Posted on May 15, 2016  Posted to Cato@Liberty

A Friedman Prize for Courage

The 2016 Milton Friedman Prize for Advancing Liberty has been awarded to Flemming Rose and will be formally presented at a dinner in New York on May 25. (Tickets still available!)

Flemming Rose is a Danish journalist. In the 1980s and 1990s he was the Moscow correspondent for Danish newspapers. He saw the last years of Soviet communism, with all its poverty, dictatorship, and censorship, and the fall of communism, only to be disappointed again with the advance of Russian authoritarianism. After also spending time in the United States, he became an editor at the Danish newspaper Jyllands-Posten. In 2005 he noticed “a series of disturbing instances of self-censorship” in Europe. In particular, “a Danish children’s writer had trouble finding an illustrator for a book about the life of Muhammad. Three people turned down the job for fear of consequences. The person who finally accepted insisted on anonymity, which in my book is a form of self-censorship.”

Rose decided to take a stand for free speech and the open society. He asked 25 Danish cartoonists “to draw Muhammad as you see him.” Later, he explained that 

We [Danes] have a tradition of satire when dealing with the royal family and other public figures, and that was reflected in the cartoons. The cartoonists treated Islam the same way they treat Christianity, Buddhism, Hinduism and other religions. And by treating Muslims in Denmark as equals they made a point: We are integrating you into the Danish tradition of satire because you are part of our society, not strangers. The cartoons are including, rather than excluding, Muslims.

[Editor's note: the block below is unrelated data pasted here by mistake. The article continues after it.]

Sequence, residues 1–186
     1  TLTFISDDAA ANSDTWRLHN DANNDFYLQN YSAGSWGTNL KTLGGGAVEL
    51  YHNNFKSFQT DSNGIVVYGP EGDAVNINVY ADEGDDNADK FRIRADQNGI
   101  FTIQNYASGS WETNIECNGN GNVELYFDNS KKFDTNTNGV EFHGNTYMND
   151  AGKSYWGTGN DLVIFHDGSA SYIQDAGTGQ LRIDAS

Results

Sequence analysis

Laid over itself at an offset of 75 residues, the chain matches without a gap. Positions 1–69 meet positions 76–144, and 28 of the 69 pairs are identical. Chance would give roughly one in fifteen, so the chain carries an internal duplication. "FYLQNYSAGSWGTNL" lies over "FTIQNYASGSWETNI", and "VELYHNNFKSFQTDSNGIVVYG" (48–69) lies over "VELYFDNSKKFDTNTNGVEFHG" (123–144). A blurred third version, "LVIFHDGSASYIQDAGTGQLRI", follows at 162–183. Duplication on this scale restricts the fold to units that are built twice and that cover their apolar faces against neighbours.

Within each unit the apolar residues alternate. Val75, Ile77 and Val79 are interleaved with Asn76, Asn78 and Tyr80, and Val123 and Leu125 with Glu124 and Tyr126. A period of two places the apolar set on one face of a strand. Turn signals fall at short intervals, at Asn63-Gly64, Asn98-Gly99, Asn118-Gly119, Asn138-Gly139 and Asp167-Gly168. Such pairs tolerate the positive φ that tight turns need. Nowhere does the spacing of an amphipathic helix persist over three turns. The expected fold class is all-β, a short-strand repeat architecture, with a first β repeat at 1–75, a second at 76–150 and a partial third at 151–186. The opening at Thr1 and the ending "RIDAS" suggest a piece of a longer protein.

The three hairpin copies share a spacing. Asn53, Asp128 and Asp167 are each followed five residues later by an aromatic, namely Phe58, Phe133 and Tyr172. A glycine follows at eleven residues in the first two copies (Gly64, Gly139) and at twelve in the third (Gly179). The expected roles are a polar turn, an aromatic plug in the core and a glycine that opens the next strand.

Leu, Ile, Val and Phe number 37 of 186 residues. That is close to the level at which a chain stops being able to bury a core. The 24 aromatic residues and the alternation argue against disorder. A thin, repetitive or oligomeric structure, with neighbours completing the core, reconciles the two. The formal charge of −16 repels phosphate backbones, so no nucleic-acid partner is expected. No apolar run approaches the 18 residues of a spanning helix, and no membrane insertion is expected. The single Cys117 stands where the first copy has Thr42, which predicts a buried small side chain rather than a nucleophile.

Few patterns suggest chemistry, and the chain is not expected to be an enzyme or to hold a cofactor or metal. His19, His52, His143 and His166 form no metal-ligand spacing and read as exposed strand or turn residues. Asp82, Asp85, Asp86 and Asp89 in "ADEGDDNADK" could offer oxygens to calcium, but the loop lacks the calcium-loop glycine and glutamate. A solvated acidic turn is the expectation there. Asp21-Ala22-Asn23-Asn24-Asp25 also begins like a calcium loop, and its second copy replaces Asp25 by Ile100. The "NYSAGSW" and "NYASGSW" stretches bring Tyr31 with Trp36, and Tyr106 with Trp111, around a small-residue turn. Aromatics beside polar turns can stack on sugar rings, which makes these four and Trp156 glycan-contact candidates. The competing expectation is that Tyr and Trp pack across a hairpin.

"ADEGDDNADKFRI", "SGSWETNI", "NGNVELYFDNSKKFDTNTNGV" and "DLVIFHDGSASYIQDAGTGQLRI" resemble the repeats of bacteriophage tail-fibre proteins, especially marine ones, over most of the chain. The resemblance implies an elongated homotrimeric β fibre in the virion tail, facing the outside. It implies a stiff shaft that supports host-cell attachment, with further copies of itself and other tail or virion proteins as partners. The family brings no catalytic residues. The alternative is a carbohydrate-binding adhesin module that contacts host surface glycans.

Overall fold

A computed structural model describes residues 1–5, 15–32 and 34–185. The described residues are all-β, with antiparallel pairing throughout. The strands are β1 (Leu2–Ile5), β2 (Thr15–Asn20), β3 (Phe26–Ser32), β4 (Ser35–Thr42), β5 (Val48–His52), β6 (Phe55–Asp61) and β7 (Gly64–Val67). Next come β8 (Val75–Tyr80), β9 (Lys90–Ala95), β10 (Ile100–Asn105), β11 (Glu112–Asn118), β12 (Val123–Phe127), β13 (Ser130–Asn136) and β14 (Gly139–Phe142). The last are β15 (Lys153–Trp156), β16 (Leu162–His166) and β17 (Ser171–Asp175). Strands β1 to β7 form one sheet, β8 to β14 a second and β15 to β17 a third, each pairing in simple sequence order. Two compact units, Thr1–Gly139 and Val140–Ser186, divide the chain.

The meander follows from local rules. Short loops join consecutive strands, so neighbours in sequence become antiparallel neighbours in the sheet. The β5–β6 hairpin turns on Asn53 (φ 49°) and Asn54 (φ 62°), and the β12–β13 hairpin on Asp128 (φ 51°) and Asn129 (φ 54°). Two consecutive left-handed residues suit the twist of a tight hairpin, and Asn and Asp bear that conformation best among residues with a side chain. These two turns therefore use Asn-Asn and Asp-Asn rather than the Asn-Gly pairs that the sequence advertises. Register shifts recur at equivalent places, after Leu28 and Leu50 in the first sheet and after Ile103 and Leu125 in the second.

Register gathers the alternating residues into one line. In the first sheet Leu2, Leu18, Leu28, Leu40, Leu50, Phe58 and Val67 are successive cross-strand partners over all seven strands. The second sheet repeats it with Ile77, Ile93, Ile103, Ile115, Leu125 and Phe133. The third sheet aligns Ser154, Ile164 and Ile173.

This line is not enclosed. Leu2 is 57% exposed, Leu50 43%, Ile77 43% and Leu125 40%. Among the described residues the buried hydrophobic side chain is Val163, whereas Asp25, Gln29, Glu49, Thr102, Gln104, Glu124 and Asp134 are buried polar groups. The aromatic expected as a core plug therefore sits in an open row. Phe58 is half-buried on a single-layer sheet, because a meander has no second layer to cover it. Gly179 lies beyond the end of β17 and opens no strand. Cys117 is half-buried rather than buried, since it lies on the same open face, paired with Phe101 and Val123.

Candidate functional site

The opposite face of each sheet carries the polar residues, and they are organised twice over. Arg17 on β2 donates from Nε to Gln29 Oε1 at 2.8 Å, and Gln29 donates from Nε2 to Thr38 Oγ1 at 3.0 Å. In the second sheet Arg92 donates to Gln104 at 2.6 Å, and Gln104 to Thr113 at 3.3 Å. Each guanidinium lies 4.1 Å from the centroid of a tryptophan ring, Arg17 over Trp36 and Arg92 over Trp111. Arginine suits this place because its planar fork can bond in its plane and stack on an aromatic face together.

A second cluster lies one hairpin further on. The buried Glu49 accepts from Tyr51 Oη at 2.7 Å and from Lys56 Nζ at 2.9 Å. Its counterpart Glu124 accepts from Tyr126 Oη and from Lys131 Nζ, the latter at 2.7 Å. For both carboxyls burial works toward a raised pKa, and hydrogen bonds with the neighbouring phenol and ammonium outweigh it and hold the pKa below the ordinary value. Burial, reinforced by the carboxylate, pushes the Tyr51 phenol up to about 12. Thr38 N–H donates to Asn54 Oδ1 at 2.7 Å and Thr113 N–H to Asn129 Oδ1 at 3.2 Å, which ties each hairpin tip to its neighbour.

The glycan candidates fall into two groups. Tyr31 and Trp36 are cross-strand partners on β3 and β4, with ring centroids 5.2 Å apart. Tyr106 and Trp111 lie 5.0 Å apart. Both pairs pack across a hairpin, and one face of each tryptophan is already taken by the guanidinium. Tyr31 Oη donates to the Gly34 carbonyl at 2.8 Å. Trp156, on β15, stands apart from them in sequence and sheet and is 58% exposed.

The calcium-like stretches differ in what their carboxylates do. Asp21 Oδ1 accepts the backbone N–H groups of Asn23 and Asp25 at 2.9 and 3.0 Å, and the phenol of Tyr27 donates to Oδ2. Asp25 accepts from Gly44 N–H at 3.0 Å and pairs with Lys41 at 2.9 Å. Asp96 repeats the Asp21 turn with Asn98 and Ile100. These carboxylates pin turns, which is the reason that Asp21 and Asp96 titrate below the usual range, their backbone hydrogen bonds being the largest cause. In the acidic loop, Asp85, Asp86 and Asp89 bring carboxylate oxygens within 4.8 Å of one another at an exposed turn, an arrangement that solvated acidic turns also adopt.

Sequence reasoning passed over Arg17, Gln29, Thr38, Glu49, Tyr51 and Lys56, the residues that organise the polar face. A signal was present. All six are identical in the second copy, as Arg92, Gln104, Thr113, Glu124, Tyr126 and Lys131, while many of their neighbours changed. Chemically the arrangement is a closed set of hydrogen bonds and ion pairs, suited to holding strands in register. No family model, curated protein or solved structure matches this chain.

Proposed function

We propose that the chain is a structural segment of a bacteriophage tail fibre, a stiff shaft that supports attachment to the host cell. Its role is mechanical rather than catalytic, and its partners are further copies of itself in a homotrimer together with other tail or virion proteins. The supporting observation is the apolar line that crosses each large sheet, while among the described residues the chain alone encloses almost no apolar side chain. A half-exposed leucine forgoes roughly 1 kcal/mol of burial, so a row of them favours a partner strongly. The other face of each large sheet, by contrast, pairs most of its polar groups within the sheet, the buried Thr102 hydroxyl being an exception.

Rose promised to publish all the cartoons he received. He got 12. They were by turns funny, provocative, insightful, and offensive. One implied that the children’s book author was a publicity seeker.  One mocked the anti-immigration Danish People’s Party. One portrayed the editors of Jyllands-Posten as a bunch of reactionary provocateurs. The most notorious depicted the prophet with a bomb in his turban.

A firestorm erupted. Protests were made. Western embassies were attacked in some Muslim countries. As many as 200 people were killed in violent protests. Rose and the turban cartoonist were the subject of death threats. To this day Rose travels with security. 

Is Rose in fact a provocateur or anti-Muslim? No. When we discovered that his book A Tyranny of Silence had not been published in English, that was the first question we asked. From reading the manuscript, and from talking to contacts in Denmark and Europe, we became confident that Rose was a genuine liberal with a strong anti-authoritarian bent, sharpened during his years as a reporter in the Soviet Union. His book, recently reissued with a new afterword, confirms that. Chapter 10, “A Victimless Crime,” traces the history of religious freedom from the Protestant Reformation to the challenges faced today by Muslims of different religious and political views.